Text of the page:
by Gaukhar Mukhatzhanova
This article appeared in Arms Control Today published on the Arms Control Association.
The Treaty on the Prohibition of Nuclear Weapons has been hailed by supporters as a historic achievement that they hope will be, in the words of the Hiroshima atomic bombing survivor Setsuko Thurlow, “the beginning of the end of nuclear weapons.”
The treaty is the first international agreement that prohibits the use, possession, deployment, and stationing of nuclear weapons for all states-parties and challenges the legitimacy of nuclear deterrence policies.2 It opens for signature at the UN General Assembly in New York on September 20 and enters into force 90 days after the deposit of the 50th instrument of ratification.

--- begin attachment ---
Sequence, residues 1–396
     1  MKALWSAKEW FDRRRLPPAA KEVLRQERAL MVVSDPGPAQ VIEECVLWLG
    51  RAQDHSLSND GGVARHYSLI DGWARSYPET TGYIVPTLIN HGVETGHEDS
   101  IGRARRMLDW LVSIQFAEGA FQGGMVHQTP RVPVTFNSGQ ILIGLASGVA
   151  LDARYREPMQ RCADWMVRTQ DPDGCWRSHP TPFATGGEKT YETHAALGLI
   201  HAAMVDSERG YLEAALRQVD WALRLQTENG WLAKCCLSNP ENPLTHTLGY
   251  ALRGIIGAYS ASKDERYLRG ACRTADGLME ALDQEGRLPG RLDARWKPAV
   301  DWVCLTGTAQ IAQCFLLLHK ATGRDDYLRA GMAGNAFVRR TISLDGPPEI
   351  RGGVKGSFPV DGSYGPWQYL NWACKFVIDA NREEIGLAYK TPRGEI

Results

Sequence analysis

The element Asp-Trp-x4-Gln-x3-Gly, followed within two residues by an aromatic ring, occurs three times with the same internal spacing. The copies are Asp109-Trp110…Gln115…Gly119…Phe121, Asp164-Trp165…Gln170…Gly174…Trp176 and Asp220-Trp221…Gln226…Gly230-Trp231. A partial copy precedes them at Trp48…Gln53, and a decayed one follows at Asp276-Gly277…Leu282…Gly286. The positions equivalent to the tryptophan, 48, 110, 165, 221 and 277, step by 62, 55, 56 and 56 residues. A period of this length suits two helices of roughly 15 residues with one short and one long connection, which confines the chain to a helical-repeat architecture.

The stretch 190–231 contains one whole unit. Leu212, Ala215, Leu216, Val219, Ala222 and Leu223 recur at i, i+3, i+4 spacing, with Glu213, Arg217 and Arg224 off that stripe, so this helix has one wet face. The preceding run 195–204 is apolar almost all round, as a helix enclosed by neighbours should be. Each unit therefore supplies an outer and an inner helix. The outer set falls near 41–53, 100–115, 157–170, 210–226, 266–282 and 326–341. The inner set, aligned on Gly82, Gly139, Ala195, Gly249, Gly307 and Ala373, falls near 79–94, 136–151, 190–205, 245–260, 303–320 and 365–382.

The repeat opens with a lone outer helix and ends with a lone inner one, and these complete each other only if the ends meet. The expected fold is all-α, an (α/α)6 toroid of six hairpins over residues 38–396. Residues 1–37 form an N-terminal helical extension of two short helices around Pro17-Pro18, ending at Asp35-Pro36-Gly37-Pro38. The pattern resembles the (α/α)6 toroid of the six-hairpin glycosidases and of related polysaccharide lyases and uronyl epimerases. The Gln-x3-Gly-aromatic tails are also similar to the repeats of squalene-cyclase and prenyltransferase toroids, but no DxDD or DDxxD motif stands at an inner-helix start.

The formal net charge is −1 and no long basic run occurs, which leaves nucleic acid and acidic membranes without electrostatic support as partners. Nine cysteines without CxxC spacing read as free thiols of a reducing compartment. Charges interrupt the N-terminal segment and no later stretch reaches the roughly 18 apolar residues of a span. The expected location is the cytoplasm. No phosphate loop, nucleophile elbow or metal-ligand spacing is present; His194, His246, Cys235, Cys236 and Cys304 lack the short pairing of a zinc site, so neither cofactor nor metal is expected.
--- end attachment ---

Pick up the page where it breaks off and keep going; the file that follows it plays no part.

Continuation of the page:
Dismissed by the nuclear-armed states and their allies, the impact of the treaty will become evident only over time. The treaty’s negotiators do not have illusions that the new instrument will produce immediate results in reducing nuclear risks or nuclear weapons. Instead, the aim is to delegitimize nuclear weapons and make it more difficult for states to continue to rely on nuclear weapons as part of their military and foreign policy strategies.